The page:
PROJECT SUMMARY FOR 2001-IJ-CX-K011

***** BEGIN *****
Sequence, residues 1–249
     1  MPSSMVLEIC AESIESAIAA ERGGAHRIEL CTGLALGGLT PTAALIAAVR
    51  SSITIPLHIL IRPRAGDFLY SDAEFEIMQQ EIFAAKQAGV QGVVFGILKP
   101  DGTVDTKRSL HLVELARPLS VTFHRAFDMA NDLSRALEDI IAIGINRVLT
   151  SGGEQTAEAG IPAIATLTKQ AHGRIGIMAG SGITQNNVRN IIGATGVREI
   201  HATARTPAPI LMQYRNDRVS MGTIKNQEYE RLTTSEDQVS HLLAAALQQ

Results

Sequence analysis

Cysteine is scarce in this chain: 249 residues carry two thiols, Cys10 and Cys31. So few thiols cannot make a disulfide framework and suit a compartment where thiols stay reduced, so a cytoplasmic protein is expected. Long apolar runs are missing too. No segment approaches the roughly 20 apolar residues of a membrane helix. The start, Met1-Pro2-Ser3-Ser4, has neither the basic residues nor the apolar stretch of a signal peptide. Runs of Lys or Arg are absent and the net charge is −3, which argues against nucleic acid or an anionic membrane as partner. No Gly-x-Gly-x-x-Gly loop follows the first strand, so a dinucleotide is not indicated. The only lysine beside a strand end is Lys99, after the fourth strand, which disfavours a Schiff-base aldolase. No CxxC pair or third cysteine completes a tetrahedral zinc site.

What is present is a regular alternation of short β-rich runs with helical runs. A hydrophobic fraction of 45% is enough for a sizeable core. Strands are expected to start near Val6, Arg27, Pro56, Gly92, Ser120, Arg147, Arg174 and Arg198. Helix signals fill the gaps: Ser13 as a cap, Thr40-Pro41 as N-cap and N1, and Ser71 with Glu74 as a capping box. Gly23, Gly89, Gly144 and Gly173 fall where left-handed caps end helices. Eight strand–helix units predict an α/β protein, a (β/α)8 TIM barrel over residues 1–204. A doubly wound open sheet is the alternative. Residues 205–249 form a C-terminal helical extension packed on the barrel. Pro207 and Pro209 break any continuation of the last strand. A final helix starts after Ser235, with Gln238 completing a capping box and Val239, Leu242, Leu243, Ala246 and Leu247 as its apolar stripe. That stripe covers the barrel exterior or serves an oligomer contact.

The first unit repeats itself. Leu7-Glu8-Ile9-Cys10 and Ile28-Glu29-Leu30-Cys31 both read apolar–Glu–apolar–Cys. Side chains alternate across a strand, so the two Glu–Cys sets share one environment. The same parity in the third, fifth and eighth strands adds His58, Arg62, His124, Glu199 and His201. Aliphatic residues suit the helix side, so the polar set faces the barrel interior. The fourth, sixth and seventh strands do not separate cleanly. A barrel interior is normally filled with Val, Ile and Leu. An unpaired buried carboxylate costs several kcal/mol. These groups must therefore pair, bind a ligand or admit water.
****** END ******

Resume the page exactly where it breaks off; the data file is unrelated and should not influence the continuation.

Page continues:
This project will be performed by the University of New Haven's Institute of Forensic Science in collaboration with the Connecticut State Forensic Science Laboratory. The research will focus on a single plant species - Cannabis sativa - for the development of a molecular strategy for plant DNA typing. Cannabis (marijuana) was selected because it is an illegal substance grown across the United States and in other countries. The Amplified Fragment Length Polymorphism (AFLP) technology will initially be validated for forensic applications. Preliminary studies performed by the grantee have already shown that marijuana plants known to have originated from the same mother plant have identical and reproductible AFLP DNA profiles. Completion of the validation studies will include interlaboratory reproductibility studies, DNA degradation studies, and a survey of marijuana samples from Connecticut and other geographical regions. This database will be used to determine the extent of genetic diversity in marijuana populations and will consist of a minimum of 500 individual samples. This database will additionally allow the estimation of the probability of a random match between two marijuana samples. It is possible that AFLP patterns will group marijuana samples that are genetically related to a similar geographic location. This in turn would aid in tracking distribution networks of this illegal substance. The final phase of this project includes sponsoring plant typing workshops to train other members of the forensic community in the AFLP technique.